According to Kenneth Field (a.k.a. Cartonerd) in his post When is a heat map not a heatmap, most of the data visualizations referred to as “heat maps” are not actually heat maps. They are technically isarithmic density maps.
What is an isarithmic density map? We'll get there, but first it's useful to take out the "density" and speak to just isarthmic maps, which the Geographic Information Systems encyclopedia defines as:
A type of thematic map that represents a continuous field using isolines (lines of equal value) or isopleths (regions of similar value). They are sometimes referred to as a heatmap, although a heatmap is only one type of isarithmic map that represents density.
A popular form of isarithmic map is a contour line map. Think about topographic maps—each connected line in a topographic map represents the same elevation:
Your run-of-the-mill topographic map uses bright line data points — elevation at specific, unique geographic locations — and interpolates (i.e. connects the dots) the missing information across the data points.
That brings us to web application isarithmic density maps—a.k.a. what we all think of as heatmaps. Web heatmaps don’t have isolines. Instead web heatmaps use isopleths. Isopleths are used to represent regions of similar value—red, orange, and yellow, green and blue color splotches.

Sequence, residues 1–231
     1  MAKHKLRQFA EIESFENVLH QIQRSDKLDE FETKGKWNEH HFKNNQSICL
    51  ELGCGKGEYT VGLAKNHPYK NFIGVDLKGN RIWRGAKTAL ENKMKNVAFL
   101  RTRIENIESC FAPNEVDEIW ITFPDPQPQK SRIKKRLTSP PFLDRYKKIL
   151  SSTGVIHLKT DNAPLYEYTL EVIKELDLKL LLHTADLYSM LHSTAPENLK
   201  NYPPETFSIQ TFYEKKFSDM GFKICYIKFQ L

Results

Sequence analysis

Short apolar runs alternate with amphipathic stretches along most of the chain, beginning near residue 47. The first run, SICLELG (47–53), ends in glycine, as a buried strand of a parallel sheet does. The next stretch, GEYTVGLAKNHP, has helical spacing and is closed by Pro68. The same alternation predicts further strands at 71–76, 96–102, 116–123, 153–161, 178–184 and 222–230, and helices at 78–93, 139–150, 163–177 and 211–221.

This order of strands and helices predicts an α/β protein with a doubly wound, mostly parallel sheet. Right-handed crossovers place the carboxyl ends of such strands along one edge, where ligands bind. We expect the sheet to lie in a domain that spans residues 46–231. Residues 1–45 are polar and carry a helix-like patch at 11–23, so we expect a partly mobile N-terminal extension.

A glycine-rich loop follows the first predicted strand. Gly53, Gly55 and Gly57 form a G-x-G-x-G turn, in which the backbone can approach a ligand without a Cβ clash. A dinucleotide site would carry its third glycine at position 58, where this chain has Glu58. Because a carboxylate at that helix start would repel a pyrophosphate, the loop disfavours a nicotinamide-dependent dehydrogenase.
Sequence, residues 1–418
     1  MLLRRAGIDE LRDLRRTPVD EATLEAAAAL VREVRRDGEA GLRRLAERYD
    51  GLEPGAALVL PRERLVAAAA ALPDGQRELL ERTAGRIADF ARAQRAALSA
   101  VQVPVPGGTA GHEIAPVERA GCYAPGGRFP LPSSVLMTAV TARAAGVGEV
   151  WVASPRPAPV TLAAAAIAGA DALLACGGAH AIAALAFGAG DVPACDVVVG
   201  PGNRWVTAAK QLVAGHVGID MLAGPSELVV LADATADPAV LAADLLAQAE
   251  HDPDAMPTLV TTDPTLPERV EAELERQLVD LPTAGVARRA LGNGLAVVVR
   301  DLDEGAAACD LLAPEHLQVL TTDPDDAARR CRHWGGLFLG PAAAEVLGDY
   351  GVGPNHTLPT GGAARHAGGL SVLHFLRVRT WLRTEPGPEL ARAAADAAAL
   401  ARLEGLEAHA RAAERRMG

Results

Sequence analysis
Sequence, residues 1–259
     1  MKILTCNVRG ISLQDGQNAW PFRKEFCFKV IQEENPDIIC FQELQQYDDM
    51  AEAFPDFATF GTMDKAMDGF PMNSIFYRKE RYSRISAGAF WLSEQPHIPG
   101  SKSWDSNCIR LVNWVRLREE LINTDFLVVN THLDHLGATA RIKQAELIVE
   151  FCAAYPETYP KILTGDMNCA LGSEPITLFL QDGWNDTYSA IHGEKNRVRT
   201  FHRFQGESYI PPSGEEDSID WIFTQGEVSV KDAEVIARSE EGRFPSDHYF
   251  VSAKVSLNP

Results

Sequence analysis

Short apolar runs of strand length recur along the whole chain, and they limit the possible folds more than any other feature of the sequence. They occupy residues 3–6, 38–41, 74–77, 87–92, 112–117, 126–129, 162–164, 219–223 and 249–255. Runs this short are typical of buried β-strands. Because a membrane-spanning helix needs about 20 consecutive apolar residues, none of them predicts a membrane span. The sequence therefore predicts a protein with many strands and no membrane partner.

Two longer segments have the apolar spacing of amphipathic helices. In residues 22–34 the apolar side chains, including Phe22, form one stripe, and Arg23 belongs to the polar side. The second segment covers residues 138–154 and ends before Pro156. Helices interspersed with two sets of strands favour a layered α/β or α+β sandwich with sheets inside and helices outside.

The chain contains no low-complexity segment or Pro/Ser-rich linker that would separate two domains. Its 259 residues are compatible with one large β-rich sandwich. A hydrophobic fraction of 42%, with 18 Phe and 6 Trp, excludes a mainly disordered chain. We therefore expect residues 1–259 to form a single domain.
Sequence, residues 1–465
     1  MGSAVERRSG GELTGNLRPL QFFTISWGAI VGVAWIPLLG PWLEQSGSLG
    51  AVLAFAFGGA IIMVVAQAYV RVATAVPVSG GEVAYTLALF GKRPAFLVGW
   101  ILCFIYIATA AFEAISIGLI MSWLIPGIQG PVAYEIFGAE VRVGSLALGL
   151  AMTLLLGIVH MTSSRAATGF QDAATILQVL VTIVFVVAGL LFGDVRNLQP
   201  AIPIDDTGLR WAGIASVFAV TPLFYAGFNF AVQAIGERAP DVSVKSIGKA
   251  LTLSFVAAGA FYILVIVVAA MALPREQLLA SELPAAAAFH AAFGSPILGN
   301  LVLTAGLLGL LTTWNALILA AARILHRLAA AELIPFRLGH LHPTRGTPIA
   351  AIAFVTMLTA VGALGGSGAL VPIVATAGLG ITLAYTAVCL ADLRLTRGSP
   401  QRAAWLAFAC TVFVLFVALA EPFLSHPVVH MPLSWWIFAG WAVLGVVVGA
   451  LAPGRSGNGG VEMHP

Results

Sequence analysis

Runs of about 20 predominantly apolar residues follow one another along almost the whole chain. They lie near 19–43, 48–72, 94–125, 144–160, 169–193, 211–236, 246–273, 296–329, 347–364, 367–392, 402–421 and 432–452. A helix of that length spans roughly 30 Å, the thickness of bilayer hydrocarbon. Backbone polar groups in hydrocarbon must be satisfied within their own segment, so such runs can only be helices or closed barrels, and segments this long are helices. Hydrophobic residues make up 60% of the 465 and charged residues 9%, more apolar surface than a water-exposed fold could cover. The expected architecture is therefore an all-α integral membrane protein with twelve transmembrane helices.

The splotches of color on heatmaps represent aggregated user experiences on a website or application. As data visualizations go, heatmaps make for an easy-to-grok, pretty picture. You look at heatmap analyses and say, “Ah, I see!” You feel like you understand something deep and meaningful—like you're peeking behind the curtain and seeing a remarkable bit of web analytics.
But there’s a catch—or at least four catches—and if you’re hypnotized by the glowing hotness of heatmaps, you very well might miss these problems completely.